Anwho. It’s been so nice to just relax and do whatever without deadlines and copious amounts of work to do. I’ve applied to a few internships for next summer and updated my resume, but that’s basically it, I swear! Life is good here in Panama, but I only have five days left now. Five days until I leave my home in Latin America. Five days. That’s so crazy to me.

Can you believe that I’ve been here since September and still have not seen the Panama Canal? Maybe I’ll try to fit that in this week…

Cheers xx

When the last monkey howls

One sprained ankle, two cases of jungle rot, four Tiki Bar parties, seven ridiculous falls down steep hiking trails, ten Sundays for the boys, at least twenty meal time perch sessions, one hundred new friends, thousands of hugs, and an undocumented number of boxed Clos wine later, Kalu Yala has come to a close.

It has been one hell of a semester with the most insane, beautiful, eccentric, diverse, intelligent, amazing people that I have ever gotten the pleasure to meet, live, and work with. This became agonizingly evident this past week when everyone presented their personal projects that they’ve been working on the entire semester (I’ll delve deep into mine and explain it in my next post–). Sitting and learning about what everyone has done over the past ten weeks was such a treat. There was literally everything, from water quality assessments to ecological foot print analyses to sustainable iguana farming to #MakeAgricultureSexyAgain to starting Kalu Yala’s first general Store, La Tienda. The diverse interests and talents of everyone here is so incredible, and it just goes to show that there is always a wealth of knowledge that can be learned from the individuals around you.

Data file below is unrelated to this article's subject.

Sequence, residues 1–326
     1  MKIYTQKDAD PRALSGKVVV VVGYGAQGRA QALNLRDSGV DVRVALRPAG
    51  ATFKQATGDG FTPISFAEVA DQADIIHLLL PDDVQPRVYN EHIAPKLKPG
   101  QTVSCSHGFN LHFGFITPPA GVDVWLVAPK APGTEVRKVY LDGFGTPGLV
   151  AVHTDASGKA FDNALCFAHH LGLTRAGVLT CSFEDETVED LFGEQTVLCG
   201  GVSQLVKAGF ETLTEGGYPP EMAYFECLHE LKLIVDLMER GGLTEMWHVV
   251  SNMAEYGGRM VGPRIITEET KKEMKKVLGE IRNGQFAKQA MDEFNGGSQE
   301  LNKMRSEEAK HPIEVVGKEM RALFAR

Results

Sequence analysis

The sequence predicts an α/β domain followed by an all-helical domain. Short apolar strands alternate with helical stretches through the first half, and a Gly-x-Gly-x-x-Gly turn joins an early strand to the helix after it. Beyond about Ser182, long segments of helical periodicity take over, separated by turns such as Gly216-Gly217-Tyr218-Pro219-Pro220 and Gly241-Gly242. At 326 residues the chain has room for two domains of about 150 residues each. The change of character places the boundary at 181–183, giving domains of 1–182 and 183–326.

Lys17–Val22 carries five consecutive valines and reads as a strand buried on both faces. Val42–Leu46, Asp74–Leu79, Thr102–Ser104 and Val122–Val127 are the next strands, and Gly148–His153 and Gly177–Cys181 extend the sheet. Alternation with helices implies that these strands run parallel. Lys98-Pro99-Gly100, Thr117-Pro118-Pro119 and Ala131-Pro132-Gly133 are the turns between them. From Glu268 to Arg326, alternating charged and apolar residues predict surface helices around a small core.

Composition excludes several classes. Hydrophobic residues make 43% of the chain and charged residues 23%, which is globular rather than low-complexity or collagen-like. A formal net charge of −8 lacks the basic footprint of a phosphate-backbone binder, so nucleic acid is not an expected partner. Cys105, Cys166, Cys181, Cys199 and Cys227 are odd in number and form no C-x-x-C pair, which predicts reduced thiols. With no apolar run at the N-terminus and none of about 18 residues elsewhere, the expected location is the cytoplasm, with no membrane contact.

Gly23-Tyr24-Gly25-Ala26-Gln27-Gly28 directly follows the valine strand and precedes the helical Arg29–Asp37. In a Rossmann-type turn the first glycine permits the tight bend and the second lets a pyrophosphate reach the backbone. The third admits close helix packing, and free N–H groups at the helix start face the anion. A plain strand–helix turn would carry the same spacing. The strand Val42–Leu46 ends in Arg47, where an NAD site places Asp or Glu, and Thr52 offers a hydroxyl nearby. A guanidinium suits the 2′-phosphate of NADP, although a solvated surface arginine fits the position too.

On the final day of presentations, I couldn’t help but let a few tears slip; not out of sadness, but out of happiness and gratitude that I was given the opportunity to be a part of this community. I don’t remember the last time that I have felt this much at once, and I definitely think that I’ve said “I love you” and meant it more times over the course of the past ten weeks than I have in my entire life (Hector and the Search for Happiness, anyone?). Kalu Yala, to me, is more than just an internship, an institute; it’s an incubator for intelligence, innovation, and community. We all came here as strangers with a common goal and common values, and now we are leaving here as a family who is saying goodbye until next time, and making promises to uphold those values hat brought us together in the first place.